Each year, a maximum of four entrepreneurs will receive $2,500 each in recognition of their commitment to their craft. Additionally, recipients can take advantage of YSpace’s specialized programming free of charge to nurture their ventures. Current and past program participants are eligible and encouraged to apply for this award, which will be available annually for the next five years.

The award is also a testament to the deep connection the Anucha family shares with York University. Alfred’s mother, Uzo Anucha, is an associate professor at the School of Social Work in the Faculty of Liberal Arts & Professional Studies. She is also the York Research Chair in Youth and Contexts of Inequity. Alfred’s four siblings have also attended York University.

David Kwok, director of entrepreneurship and innovation at YSpace, said, “YSpace is honoured to have this partnership and support of the Anucha family. This award will be a catalyst for many young, Black entrepreneurs to receive the funding and support necessary to continue their impactful work in the community. Our collaborative efforts will create greater access and growth for these Black-led businesses.”

Applications for the first round of awards are open from Nov. 20 to Dec. 15. More information about the application processes will be available on the YSpace website.

Join York’s memorial ceremony for National Day of Remembrance and Action on Violence Against Women, Dec. 6 

somber red rose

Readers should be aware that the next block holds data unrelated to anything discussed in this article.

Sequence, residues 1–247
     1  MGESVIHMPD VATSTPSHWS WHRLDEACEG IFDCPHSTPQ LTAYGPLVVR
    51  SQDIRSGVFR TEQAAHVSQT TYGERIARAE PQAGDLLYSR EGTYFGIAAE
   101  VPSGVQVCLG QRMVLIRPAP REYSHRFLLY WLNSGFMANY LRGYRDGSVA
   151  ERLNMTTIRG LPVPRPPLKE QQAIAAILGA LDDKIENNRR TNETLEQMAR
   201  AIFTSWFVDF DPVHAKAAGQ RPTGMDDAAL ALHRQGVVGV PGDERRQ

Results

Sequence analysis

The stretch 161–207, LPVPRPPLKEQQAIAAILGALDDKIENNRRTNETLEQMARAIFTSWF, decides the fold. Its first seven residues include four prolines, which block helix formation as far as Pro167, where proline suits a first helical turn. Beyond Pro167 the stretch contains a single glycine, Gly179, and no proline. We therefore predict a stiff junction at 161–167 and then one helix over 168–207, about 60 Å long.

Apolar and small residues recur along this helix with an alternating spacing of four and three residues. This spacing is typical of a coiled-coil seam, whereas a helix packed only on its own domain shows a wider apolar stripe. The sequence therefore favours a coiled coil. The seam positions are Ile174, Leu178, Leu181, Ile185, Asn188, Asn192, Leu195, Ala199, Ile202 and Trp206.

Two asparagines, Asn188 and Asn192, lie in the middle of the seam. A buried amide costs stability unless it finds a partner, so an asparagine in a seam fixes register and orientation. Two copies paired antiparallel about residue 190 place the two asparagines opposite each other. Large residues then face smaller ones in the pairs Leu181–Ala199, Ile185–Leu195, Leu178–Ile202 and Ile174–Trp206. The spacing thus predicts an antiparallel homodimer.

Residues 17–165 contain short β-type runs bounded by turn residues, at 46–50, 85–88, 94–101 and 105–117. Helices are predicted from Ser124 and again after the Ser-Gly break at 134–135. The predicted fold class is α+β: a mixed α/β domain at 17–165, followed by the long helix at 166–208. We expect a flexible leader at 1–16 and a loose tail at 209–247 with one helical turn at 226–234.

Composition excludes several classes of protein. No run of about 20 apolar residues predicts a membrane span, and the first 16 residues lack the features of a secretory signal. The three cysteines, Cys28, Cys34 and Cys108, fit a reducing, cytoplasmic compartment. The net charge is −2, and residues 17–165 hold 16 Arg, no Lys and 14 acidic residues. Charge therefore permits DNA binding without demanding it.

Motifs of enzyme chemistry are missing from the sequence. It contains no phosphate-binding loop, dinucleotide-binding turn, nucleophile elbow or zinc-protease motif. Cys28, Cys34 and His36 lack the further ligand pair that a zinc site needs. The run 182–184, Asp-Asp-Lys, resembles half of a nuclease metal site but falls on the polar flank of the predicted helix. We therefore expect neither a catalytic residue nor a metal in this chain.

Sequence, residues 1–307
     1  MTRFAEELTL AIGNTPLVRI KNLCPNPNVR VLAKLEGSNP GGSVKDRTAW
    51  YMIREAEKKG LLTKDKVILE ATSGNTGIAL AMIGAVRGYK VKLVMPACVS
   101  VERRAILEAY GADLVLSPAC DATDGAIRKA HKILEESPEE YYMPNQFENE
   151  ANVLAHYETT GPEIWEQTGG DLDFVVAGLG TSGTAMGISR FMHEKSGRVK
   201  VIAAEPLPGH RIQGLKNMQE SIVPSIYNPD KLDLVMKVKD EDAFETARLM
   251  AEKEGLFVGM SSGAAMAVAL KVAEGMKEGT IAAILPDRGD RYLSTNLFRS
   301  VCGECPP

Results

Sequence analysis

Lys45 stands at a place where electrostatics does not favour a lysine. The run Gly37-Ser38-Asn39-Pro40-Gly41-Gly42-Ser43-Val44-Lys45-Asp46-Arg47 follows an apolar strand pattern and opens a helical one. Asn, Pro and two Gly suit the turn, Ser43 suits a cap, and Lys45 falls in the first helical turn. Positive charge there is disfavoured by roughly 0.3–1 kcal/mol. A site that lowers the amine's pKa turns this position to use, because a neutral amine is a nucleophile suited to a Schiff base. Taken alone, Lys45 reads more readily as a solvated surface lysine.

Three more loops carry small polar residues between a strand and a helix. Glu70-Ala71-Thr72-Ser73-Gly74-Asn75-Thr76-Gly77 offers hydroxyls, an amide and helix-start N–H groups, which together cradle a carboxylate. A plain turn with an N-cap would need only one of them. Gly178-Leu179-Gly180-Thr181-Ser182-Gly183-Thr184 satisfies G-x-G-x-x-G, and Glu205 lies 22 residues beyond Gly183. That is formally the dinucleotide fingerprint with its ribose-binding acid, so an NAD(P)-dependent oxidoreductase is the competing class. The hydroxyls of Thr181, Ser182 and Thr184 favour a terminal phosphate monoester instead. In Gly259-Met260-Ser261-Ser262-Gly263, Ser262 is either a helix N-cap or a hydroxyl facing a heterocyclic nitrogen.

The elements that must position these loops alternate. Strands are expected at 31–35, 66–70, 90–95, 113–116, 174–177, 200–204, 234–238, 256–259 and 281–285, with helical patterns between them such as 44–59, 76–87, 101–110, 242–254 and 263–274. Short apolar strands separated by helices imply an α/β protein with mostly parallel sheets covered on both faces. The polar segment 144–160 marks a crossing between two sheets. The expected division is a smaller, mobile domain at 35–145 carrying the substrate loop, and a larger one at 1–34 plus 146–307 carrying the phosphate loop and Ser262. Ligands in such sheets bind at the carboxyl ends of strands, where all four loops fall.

La version française suit la version anglaise. 

Dear York community,

As we approach the National Day of Remembrance and Action on Violence Against Women on Dec. 6, we welcome all members of the York University community to join us in commemorating the 14 women who tragically lost their lives on the same day 34 years ago at École Polytechnique in Montreal.

Participating in community events and conversations helps to eliminate gendered violence and gives us an opportunity to recognize the 14 women who lost their lives: Geneviève Bergeron, Hélène Colgan, Nathalie Croteau, Barbara Daigneault, Anne-Marie Edward, Maud Haviernick, Barbara Klucznik-Widajewicz, Maryse Laganière, Maryse Leclair, Anne-Marie Lemay, Sonia Pelletier, Michèle Richard, Annie St-Arneault and Annie Turcotte.

We also acknowledge the missing and murdered Indigenous women and members of the 2SLGBTQIA+ community on this day.

Together, we must reaffirm our commitment to stand with survivors, raise awareness and challenge the sociocultural norms that perpetuate violence and hate in all its forms. In a time where conflict continues to devastate countless communities across the world, it is also an opportunity for us to reflect on our individual and collective capacity to drive positive change and to help realize a world that is safe, welcoming and inclusive for us all.

Event Details
Date: Wednesday, Dec. 6
Time:  1 to 2 p.m.
Event website:

Keele Campus
Live location: The Eatery (first floor), Bergeron Centre for Engineering Excellence
Format: hybrid (in person and online)
Link to Livestream:

Glendon Campus
Viewing room: Glendon Manor Hall
Format: hybrid (in person and online)
Link to Livestream:

In solidarity with victims and survivors, we invite you to wear a white ribbon during the memorial ceremony as a symbol of your commitment to ending gender-based violence. Ribbons are available at the Centre for Sexual Violence Response, Support & Education (The Centre).